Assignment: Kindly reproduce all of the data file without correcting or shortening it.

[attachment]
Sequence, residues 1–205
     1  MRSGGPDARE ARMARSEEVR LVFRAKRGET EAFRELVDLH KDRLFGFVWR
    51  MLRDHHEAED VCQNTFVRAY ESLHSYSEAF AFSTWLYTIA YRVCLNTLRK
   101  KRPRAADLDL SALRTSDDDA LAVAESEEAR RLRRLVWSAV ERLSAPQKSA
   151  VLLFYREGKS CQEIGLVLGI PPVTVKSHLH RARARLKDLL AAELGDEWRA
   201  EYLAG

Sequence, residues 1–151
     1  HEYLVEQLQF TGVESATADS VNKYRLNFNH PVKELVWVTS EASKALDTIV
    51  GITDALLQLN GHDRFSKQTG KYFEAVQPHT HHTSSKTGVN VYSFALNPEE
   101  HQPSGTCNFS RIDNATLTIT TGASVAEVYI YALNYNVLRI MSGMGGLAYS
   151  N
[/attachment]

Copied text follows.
Sequence, residues 1–205
     1  MRSGGPDARE ARMARSEEVR LVFRAKRGET EAFRELVDLH KDRLFGFVWR
    51  MLRDHHEAED VCQNTFVRAY ESLHSYSEAF AFSTWLYTIA YRVCLNTLRK
   101  KRPRAADLDL SALRTSDDDA LAVAESEEAR RLRRLVWSAV ERLSAPQKSA
   151  VLLFYREGKS CQEIGLVLGI PPVTVKSHLH RARARLKDLL AAELGDEWRA
   201  EYLAG

Sequence, residues 1–151
     1  HEYLVEQLQF TGVESATADS VNKYRLNFNH PVKELVWVTS EASKALDTIV
    51  GITDALLQLN GHDRFSKQTG KYFEAVQPHT HHTSSKTGVN VYSFALNPEE
   101  HQPSGTCNFS RIDNATLTIT TGASVAEVYI YALNYNVLRI MSGMGGLAYS
   151  N